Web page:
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Into Russian Nature: Tourism, Environmental Protection, and National Parks in the Twentieth Century

Autor Alan D. Roe
en Limba Engleză Hardback – 4 iun 2020

Since the early twentieth century, nations around the world have set aside protected areas for tourism, recreation, scenery, wildlife, and habitat conservation. In Russia, biologists and geographers had been intrigued with the idea of establishing national parks before the Revolution, but instead persuaded the government successfully to establish nature reserves (zapovedniki) for scientific research during the USSR's first decades. However, as the state pushedscientists to make zapovedniki more useful during the 1930s, some of the system's staunchest defenders started supporting tourism in them. In Into Russian Nature, Alan D. Roe offers the first history of the Russian national park movement. In the decades after World War II, the USSR experienced a tourism boom and faced a chronic shortage of tourism facilities. During these years, Soviet scientists took active part in Western-dominated international environmental protection organizations and enthusiastically promoted parks for the USSR as a means to expand recreational opportunities and reconcile environmental protectionand economic development goals. In turn, they hoped they would bring international respect to Soviet nature protection efforts and help instill in Russian/Soviet citizens a love for the country's nature and a desire to protect it. By the end of the millennium, Russia had established thirty-five parks toprotect iconic landscapes in places such as Lake Baikal. Meanwhile, national park opponents presented them as an unaffordable luxury during a time of economic struggle, especially after the USSR's collapse. Despite unprecedented collaboration with international organizations, Russian national parks received little governmental support as they became mired in land-use conflicts with local populations. Exploring parks from European Russia to Siberia and the Far East, Into Russian Nature narrates efforts, often frustrated by the state, to protect Russia's vast and unique physical landscape.

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Specificații

ISBN-13: 9780190914554
ISBN-10: 0190914556
Pagini: 360
Ilustrații: 37 illustrations
Dimensiuni: 236 x 157 x 33 mm
Greutate: 0.68 kg
Editura: Oxford University Press
Colecția OUP USA
Locul publicării:New York, United States

Recenzii

Roe exploits primary sources from an extensive roster of archives to portray the experiences of Russian and Soviet naturalists as they laid grand plans to build a national park system along romanticized, nationalist lines—plans that never materialized....Providing a globalized interpretation, Roe here argues that despite disappointments, the movement generated by [Vasili Nikolaevich] Skalon...facilitated the growth of a yearning among Russians, based on aperceived fundamental desire among peoples in other industrialized nations, particularly those with eclectic landscapes, to visit and experience the wilderness. This realistic and enthusiastic account provides excellent context for understanding Russian history in general, and especially Russian attitudestoward nature in the modern world.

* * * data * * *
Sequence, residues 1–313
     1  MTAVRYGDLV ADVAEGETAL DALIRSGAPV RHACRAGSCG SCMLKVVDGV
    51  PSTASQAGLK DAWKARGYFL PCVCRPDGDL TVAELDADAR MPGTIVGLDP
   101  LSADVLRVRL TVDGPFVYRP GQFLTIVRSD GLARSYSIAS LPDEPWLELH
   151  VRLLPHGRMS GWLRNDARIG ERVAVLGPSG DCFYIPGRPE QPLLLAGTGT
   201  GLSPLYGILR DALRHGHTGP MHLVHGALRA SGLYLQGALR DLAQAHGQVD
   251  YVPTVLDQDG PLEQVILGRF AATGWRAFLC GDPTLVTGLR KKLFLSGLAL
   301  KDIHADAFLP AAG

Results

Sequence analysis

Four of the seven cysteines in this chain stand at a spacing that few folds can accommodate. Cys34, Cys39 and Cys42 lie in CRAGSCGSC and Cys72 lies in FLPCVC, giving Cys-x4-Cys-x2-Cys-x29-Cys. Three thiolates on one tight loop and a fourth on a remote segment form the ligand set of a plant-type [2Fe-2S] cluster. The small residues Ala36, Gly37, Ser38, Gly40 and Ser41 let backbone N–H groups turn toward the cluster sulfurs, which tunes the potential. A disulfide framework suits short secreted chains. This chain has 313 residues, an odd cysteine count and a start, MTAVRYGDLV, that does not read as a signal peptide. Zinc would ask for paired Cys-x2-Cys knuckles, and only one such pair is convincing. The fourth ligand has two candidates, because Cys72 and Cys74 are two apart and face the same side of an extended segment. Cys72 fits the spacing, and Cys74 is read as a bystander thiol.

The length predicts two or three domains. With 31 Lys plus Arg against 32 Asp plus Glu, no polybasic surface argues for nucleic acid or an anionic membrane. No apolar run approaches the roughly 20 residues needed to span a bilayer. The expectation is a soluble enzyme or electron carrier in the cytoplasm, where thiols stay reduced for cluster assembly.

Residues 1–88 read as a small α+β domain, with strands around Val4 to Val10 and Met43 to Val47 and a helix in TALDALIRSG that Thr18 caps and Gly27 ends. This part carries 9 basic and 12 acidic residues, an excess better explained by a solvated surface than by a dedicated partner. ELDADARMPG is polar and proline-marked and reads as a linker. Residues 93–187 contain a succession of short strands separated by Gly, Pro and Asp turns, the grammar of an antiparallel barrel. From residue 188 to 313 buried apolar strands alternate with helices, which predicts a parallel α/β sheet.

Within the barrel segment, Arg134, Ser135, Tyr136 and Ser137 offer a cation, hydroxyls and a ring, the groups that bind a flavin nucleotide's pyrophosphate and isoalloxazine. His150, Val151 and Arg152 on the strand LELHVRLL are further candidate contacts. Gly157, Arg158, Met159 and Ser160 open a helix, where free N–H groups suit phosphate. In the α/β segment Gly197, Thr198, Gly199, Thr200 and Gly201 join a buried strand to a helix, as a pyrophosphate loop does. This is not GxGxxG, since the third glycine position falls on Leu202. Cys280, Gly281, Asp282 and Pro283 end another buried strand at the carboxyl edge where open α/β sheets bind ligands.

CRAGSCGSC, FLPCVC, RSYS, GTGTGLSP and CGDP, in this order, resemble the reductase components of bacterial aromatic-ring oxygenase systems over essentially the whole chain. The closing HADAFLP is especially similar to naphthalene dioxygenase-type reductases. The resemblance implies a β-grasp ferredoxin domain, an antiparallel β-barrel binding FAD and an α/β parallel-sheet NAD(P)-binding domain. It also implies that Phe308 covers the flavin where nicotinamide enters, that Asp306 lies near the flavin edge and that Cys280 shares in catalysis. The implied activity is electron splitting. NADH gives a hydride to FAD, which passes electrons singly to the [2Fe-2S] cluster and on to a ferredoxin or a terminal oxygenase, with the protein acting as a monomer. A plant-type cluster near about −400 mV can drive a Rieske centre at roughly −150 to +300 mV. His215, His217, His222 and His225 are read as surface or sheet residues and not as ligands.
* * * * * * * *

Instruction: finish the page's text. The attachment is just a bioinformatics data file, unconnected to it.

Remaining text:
An engaging and surprisingly optimistic exploration of a mostly disheartening topic....Roe...examines a fresh topic that has been surprisingly neglected: the formation of a Soviet and post-Soviet Russian national park system....Even after the breakup of the Soviet Union, Russia remains the largest country in the world, containing huge amounts of terrain designated for protection and much more that ought to be managed wisely. Whether these lands will receive the stewardship they deserve remains an open question at the end of Into Russian Nature.
Thoroughly enjoyable... Roe's work paints a picture of a country aware of its beauty but ambivalent over how to effectively preserve it. According to Roe, the historical reason for this is the state's unwillingness to fully acquiesce to a foreign model despite the persistent expert belief in its superiority. The result is not only a fractured national park infrastructure but also a cultural and social myopia concerning nature conservation among average Russian tourists and nature seekers.
Into Russian Nature...contains plenty of historical richness and the book makes a major contribution not only to Russian environmental history but also to the broader international history of national parks and the history of the Cold War.
a comprehensive, excellent and engaging history

Notă biografică

Alan D. Roe is a lecturer in history at West Virginia University.